Press Briefing by Press Secretary Sarah Sanders
James S. Brady Press Briefing Room
2:40 P.M. EDT
MS. SANDERS: Hey, guys. Happy Friday.
Q: Happy Friday.
MS. SANDERS: Good afternoon. It's great to see so many friendly faces in here. Not that that's different than normal. I'm obviously referring to the children around the room.
We're really excited and very glad to welcome the kids of the press corps to the White House today. They're going to love trick-or-treating in the Executive Office Building, and I look forward to taking some questions, maybe even from some of the kids, today.
Couple of quick things to note before we get into that. As you all saw, yesterday was an important moment for our nation's fight against the drug addiction and opioid epidemic that has hurt so many wonderful families.
By directing the declaration of a nationwide public health emergency to address the opioids crisis, the President is mobilizing his entire administration to confront this issue. The President's stirring remarks yesterday, which included a powerful story of how addiction impacted his family, set the stage for the country to unite behind this fight to save lives.
In the wake of the announcement, several Cabinet members and agency heads are traveling around the country to events related to the opioid crisis. Among those participating in events are Attorney General Sessions, Secretaries Shulkin and Carson, Acting Secretary Hargan, Surgeon General Adams, and Acting ICE Director Homan. These events illustrate that the President truly has made this issue an administration-wide priority.
On the economic front, the U.S. economy grew at 3 percent for the second quarter in a row, despite the damage from this year's hurricane season. Unemployment is at a 16-year low, the stock market continues to climb to record levels, and economic confidence is soaring.
The engine of the American economy is revving up, and the President is ready to pour in the rocket fuel through massive tax cuts and reforms.
It's fitting that we have some kids with us here today because, ultimately, this tax plan is about empowering hardworking American families to build a better life for themselves and a brighter future for their children.
And with that, I will take your questions. Jon.
Q: Sarah, I want to ask you about the $300 million contract that Whitefish Energy got to do the electrical -- rebuild the electrical grid in Puerto Rico. Does the White House have any concerns about the way this contract came down and the fact that this company has apparently no experience of doing anything on this magnitude?
MS. SANDERS: This is a contract that was determined by the local authorities in Puerto Rico, not something that the federal government played a role in. But as we understand, there's an ongoing audit, and we'll look forward to seeing the results of that later.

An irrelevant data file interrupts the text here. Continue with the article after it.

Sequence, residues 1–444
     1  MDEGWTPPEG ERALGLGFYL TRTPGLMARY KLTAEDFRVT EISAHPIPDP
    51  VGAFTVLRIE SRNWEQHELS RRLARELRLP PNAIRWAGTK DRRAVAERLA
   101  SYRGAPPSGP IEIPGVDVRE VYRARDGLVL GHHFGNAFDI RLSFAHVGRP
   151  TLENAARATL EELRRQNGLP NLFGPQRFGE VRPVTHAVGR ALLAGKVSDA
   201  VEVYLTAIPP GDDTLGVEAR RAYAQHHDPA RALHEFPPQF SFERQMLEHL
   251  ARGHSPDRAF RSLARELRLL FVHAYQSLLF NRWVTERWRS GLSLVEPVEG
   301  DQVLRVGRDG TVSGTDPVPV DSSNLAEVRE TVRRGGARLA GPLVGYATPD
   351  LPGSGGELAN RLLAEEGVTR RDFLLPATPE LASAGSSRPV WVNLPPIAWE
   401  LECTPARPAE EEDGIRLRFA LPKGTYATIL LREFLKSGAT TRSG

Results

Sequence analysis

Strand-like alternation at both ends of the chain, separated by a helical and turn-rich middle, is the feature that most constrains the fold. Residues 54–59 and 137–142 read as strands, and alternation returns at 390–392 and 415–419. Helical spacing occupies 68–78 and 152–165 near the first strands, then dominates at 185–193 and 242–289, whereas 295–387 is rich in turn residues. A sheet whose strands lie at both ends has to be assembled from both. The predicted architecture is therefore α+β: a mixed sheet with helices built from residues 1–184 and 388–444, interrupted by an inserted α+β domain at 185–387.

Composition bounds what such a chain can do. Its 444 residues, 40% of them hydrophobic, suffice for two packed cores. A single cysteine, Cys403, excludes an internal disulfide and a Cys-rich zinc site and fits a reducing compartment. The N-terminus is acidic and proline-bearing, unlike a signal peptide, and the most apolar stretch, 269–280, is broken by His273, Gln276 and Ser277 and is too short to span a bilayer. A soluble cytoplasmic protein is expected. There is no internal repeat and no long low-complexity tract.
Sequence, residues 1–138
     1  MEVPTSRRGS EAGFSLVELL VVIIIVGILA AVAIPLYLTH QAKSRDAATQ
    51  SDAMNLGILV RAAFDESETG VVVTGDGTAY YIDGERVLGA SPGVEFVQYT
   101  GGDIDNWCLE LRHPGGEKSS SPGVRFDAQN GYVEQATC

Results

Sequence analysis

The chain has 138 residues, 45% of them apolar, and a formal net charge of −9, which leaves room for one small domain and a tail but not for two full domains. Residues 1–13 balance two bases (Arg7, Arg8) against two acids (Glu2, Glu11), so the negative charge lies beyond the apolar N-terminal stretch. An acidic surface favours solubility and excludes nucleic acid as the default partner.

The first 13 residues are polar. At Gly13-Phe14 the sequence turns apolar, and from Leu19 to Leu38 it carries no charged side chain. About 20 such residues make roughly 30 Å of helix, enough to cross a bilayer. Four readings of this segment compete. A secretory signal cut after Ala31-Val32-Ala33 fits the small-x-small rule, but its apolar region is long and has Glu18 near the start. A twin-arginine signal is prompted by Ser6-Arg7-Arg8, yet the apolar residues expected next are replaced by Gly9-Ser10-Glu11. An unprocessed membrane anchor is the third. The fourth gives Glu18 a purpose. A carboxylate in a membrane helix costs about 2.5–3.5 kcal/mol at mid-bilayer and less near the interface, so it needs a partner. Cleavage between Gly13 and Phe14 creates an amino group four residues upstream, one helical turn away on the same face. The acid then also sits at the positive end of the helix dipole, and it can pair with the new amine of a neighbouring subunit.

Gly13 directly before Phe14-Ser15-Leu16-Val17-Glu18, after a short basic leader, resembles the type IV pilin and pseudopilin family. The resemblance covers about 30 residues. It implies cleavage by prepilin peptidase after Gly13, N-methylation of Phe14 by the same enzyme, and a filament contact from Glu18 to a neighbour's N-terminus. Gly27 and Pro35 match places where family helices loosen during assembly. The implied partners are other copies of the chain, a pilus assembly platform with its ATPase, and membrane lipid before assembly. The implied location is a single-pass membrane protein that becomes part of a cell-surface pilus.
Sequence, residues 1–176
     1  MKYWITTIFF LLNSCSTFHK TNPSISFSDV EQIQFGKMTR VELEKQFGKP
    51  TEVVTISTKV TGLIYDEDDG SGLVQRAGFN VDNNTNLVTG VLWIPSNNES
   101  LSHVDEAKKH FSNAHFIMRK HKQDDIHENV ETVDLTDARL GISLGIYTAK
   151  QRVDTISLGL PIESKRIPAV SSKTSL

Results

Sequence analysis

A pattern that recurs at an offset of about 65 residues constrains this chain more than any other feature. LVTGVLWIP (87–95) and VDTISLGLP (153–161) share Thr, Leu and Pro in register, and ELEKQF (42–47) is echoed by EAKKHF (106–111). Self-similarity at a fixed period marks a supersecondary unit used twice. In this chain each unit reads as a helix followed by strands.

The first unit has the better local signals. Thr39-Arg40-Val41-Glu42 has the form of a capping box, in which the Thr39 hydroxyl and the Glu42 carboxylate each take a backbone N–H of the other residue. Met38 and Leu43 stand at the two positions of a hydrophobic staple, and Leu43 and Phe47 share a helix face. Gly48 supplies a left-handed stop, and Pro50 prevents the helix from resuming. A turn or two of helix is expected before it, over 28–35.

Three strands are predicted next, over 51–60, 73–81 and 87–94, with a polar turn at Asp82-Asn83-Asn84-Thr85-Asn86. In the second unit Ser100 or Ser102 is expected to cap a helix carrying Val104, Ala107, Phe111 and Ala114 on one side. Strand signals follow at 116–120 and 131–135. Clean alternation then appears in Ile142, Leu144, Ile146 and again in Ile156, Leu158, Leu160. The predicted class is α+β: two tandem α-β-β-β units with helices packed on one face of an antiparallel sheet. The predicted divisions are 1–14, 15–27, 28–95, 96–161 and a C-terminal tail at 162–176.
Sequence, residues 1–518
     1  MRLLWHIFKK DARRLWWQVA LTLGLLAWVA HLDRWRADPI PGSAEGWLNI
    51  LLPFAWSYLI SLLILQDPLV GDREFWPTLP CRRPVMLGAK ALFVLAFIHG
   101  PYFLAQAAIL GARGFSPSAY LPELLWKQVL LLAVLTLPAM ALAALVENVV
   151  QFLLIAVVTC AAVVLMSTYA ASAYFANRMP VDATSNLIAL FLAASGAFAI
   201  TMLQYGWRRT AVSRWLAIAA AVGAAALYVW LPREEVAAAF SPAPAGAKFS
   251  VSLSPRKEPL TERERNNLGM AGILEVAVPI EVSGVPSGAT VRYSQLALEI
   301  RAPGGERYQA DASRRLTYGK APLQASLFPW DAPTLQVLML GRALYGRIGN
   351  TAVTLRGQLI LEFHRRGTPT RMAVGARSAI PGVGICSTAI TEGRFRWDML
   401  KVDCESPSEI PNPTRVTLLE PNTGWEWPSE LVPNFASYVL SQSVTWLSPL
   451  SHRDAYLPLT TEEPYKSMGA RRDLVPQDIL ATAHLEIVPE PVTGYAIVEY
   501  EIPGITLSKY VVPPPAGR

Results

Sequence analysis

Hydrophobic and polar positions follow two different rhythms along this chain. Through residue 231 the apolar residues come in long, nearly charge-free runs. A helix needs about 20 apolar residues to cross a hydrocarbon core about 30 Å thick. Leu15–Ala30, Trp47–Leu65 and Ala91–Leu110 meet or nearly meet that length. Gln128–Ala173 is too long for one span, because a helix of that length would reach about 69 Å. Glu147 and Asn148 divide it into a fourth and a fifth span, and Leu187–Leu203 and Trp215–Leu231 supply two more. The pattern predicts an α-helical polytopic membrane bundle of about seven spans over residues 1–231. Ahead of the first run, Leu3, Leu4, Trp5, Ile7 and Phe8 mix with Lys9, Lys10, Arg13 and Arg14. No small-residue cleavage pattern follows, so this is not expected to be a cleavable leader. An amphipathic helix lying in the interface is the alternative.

Q: Are there red flags raised by this? And can you say definitively that the fact that the primary -- one of the primary investors in this company was a major donor to the Trump campaign had nothing to do with the fact this contract was awarded?
MS. SANDERS: Right. The federal government, as I said, has nothing to do with this contract or the process. This was something solely determined by the Puerto Rican government. And, as I said, we'll look forward to the audit to see if there are any other issues beyond that.
Q: Thanks, Sarah. Question on those Russia sanctions that the President signed in August. So the recipients of those sanctions were supposed to be named on October 1st, and that just came out today. I'm wondering if you can explain the delay and how soon the administration will actually act to implement those sanctions.
MS. SANDERS: Right. There was an interagency review that's now been completed. That was the cause for the delay. The guidance was issued by the State Department, and that's now being carried out.
And for any further details, I'd refer you to the State Department.
Q: May I kindly request two? The President tweeted out this morning regarding the Russia investigation, "After months of costly looking." Is the President suggesting that more special investigation is a waste of money?
MS. SANDERS: I think that the President has been pretty clear what his position throughout this process. That's not the only investigation that's taking place. Congress has spent a great deal of time on this -- a better part of a year. All of your news organizations have actually spent probably a lot of money on this as well, which we would consider probably a pretty big waste.